“I HATE ANNUITIES AND YOU SHOULD, TOO!”
We’ve all seen the ads. The author, Ken Fishers, has done a terrific job of instilling fear and uncertainty into the minds of retirees and pre-retirees. And while his motives are more suspect with his investments in annuity companies, the question remains: Has he done them any favors?
Making the blanket statement that you hate annuities is akin to saying that you hate your Social Security paycheck, your company pension, or your latest lottery payout. When was the last time anyone cursed the government for putting their Social Security check in your mailbox?
I’m pretty sure that when James cashed in his lottery ticket, he was celebrating his winnings all the way to the bank. On the flip side of the coin, operating under the delusion that an annuity is somehow the Holy Grail to financial planning is equally misguided and misinformed.
Like any polarizing issue, the root of the problem boils down to a combination of misinformation and misconceptions; perpetrated ad nauseam by so-called industry “experts”.
The real question isn’t who’s right in the argument, but rather, how you can take ownership of your situation to make a properly informed decision that’s right for your clients.
So, why do these products exist, and how can they potentially serve you and your clients in an uncertain world?
Fundamental Principals of Income Planning
Let’s start with basic income planning. Do you ever watch the news after a natural disaster such as a tornado or a hurricane claims its victim community? Picture a place like Tornado Alley, across the Central Plains.
After a devastating tornado rolls through and they’re taking inventory of the aftermath, what’s left to rebuild from? What’s left of the homes and buildings?
The foundation. Your client’s financial plan is no different.
The Great Depression. Black Monday. The tech bubble. The mortgage crisis. These are all examples of real life, natural disasters that occur in the financial markets that serve to rock your client’s financial plan to their foundation. With as much control over these situations as we do over the next F-5 rolling across the plains of Kansas, you must find out what they’re foundation is built on. Concrete or sand?
For any retiree today, the concrete that serves as the foundation of their fiscal house is built with guaranteed income sources. We may commonly consider this the “three-legged stool.”
The first leg is their Social Security, the second leg is (or has historically been) their company pension, and of course, the remaining shortfall to provide for their basic needs and wants must be provided for from their assets.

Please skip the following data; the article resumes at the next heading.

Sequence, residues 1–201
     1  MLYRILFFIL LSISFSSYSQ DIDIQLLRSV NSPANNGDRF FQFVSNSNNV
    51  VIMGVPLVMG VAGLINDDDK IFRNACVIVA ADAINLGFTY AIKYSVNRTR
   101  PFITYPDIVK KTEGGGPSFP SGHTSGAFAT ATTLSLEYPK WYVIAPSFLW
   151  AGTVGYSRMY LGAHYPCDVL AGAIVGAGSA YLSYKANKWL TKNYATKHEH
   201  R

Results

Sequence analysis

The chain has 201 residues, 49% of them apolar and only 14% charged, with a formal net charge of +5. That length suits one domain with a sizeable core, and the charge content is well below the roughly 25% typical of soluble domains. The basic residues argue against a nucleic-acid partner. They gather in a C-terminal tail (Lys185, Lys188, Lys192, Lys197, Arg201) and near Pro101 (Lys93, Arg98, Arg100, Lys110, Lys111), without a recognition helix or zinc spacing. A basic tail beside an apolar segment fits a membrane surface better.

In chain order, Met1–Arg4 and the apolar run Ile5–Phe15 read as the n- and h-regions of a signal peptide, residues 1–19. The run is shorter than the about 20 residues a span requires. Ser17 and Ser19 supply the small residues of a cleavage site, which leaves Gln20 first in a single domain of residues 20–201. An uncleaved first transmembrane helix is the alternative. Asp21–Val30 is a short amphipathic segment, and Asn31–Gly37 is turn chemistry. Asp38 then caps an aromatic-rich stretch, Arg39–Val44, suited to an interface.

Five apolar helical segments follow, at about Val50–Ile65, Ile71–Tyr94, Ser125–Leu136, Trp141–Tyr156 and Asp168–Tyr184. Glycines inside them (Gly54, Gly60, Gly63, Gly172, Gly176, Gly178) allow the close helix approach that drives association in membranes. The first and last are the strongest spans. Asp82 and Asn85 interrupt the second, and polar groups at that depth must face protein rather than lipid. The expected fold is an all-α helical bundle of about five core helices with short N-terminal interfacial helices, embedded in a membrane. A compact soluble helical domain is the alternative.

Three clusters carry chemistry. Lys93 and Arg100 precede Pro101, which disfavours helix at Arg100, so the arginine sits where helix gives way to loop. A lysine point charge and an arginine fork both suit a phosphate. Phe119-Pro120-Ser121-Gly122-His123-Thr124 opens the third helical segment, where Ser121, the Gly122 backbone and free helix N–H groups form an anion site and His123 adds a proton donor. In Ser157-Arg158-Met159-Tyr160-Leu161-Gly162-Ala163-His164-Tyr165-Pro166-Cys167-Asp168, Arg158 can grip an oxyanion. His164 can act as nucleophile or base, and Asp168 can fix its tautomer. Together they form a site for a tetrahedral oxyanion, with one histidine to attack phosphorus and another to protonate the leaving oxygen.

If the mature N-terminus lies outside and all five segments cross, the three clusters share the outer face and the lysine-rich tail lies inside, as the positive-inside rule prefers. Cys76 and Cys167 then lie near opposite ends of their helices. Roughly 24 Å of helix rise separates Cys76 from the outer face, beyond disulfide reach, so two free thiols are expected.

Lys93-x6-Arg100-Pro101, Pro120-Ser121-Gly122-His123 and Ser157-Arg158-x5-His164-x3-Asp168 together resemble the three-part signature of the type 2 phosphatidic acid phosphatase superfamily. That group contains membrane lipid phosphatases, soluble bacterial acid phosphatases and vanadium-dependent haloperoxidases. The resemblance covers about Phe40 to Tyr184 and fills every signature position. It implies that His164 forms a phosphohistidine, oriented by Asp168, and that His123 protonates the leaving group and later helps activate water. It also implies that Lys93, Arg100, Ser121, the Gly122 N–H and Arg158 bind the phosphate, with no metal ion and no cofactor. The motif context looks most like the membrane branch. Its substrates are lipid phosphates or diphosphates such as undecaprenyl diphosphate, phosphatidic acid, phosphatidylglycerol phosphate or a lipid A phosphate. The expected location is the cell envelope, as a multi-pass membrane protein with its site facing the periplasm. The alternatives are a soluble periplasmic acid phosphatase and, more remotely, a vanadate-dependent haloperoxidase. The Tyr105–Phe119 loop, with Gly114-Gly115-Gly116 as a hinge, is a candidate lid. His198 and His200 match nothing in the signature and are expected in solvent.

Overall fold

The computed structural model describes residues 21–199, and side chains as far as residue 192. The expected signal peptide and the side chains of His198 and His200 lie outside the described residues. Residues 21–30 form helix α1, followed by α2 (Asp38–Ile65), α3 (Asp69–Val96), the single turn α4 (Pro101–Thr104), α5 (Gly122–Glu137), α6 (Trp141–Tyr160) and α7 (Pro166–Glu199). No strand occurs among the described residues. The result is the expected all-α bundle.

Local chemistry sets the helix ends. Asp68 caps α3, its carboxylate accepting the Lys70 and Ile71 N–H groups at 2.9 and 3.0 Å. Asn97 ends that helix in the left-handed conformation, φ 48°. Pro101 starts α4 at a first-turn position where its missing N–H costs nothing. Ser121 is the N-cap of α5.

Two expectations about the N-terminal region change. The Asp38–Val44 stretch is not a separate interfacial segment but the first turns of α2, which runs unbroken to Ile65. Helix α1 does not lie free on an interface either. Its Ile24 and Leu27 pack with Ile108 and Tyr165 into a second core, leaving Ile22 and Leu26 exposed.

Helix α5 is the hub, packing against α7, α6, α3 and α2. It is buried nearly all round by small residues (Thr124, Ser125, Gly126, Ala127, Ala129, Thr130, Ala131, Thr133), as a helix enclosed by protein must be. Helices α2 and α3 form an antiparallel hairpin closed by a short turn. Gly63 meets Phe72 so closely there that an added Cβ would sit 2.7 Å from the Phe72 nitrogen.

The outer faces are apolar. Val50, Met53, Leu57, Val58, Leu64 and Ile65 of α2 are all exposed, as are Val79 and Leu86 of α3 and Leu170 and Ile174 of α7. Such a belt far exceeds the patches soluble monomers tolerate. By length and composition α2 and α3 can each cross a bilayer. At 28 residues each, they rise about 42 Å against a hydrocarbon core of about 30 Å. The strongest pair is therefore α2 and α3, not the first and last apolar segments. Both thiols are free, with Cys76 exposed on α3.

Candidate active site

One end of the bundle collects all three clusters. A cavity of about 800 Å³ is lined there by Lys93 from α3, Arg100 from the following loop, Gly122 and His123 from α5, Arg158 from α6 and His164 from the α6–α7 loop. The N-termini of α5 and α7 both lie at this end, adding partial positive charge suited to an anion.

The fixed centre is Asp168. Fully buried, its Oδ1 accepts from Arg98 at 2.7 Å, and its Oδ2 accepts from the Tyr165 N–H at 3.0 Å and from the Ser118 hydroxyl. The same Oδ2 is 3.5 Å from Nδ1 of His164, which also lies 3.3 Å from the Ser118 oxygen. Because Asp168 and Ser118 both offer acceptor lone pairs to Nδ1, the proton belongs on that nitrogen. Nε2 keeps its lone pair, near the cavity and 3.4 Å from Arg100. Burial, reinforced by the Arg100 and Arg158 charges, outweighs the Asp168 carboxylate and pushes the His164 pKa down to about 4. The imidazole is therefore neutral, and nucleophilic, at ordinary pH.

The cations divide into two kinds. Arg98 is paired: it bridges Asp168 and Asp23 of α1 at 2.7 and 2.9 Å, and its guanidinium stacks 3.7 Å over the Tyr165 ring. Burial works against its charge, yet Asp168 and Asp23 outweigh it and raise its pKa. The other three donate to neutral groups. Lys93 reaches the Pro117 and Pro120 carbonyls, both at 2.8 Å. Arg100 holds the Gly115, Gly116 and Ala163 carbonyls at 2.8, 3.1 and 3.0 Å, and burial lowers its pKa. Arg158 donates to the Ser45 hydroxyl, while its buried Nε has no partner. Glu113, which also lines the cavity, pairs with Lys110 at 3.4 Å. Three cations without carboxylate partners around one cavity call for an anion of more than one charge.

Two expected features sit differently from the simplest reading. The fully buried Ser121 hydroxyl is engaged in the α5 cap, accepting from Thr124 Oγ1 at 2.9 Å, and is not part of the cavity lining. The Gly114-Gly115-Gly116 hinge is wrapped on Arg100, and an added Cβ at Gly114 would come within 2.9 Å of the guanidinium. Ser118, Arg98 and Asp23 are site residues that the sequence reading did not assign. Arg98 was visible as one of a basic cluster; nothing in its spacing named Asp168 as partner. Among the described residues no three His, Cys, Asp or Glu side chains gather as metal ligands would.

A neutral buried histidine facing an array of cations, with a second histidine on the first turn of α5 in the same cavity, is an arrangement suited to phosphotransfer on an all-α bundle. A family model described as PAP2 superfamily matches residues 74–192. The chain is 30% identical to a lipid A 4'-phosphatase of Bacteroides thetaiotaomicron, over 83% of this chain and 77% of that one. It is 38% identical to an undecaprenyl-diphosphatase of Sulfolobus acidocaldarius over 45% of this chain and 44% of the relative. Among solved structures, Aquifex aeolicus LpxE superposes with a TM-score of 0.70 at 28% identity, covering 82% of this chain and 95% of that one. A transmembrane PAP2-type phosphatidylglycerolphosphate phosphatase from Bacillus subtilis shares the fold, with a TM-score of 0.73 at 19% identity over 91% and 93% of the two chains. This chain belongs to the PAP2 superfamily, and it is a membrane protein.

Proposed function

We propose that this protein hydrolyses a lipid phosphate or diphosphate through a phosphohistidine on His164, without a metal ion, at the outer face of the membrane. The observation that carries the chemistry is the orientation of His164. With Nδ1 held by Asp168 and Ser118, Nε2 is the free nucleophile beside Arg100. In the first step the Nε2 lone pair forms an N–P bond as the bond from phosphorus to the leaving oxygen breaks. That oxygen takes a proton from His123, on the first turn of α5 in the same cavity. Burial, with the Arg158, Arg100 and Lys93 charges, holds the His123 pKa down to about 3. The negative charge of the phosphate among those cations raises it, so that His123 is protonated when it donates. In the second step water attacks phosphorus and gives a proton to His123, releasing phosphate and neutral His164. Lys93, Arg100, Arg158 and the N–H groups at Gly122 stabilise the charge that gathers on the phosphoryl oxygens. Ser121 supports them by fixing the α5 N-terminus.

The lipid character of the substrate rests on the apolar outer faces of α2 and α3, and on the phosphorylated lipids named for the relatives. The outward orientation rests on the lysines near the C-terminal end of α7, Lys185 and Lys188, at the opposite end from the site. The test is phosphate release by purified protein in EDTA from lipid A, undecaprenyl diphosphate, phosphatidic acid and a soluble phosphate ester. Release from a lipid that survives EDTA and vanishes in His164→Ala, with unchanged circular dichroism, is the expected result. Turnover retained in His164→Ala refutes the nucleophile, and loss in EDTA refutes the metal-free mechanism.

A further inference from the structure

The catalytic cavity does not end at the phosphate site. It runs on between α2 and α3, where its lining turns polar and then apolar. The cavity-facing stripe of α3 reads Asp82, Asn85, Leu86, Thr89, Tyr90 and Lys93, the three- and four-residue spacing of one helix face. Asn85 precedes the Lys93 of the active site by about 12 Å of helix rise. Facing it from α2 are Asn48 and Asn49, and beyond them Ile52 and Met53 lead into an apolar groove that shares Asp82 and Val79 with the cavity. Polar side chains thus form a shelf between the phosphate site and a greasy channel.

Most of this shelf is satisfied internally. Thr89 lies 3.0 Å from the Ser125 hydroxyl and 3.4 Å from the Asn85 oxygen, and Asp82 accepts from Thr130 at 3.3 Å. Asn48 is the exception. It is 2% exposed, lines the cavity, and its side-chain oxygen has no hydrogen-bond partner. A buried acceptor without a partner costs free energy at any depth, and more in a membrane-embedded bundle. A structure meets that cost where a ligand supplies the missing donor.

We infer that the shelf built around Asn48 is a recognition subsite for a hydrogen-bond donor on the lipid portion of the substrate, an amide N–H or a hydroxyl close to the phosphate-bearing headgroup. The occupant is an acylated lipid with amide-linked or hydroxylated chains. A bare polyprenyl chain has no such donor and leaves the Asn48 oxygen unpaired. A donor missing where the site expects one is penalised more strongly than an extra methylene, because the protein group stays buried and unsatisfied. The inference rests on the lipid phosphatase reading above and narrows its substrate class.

This is where your expertise comes into play. In your infinite wisdom, how will you ensure that your clients’ lifestyle will never be compromised by the outside variables that they ultimately have no control over?
Modern Portfolio Theory
Modern portfolio theory supports a systematic withdrawal approach that has historically led advisors to the general rule of thumb in the planning community for determining safe withdrawal rates. It’s served as a core principal, although ever-moving, that was at one point known as the “7% Rule,” then modified to the “5% Rule,” and again to the “4% Rule.”
The premise is simple and I’m sure you know it well. This is the agreed upon withdrawal rate from a portfolio with a balance of stocks and bonds (typically 50/50), that a 65-year-old retiree can distribute from their assets with a high probability of having a balance in their retirement assets before they pass, assuming today’s assumptions for mortality.
Whether you agree with the strategy or not is arbitrary for our purposes here. Is this method is founded more in sand or concrete? Does it provide us with a guaranteed stream of income regardless of how long the client lives, and without concern for market fluctuations?
The answer here is no. Regardless of your level of confidence, this strategy is at least partially founded in sand.
Related: Annuities & Peace of Mind
Misconceptions and Misinformation
Once you’ve made your own determinations for your own fundamental philosophies about providing your client’s retirement income, the next issue that you must contend with are the sources of information that influence you and your client’s opinions on the subject. I’ve found the best way to address this with your clients is to simply serve as their filter.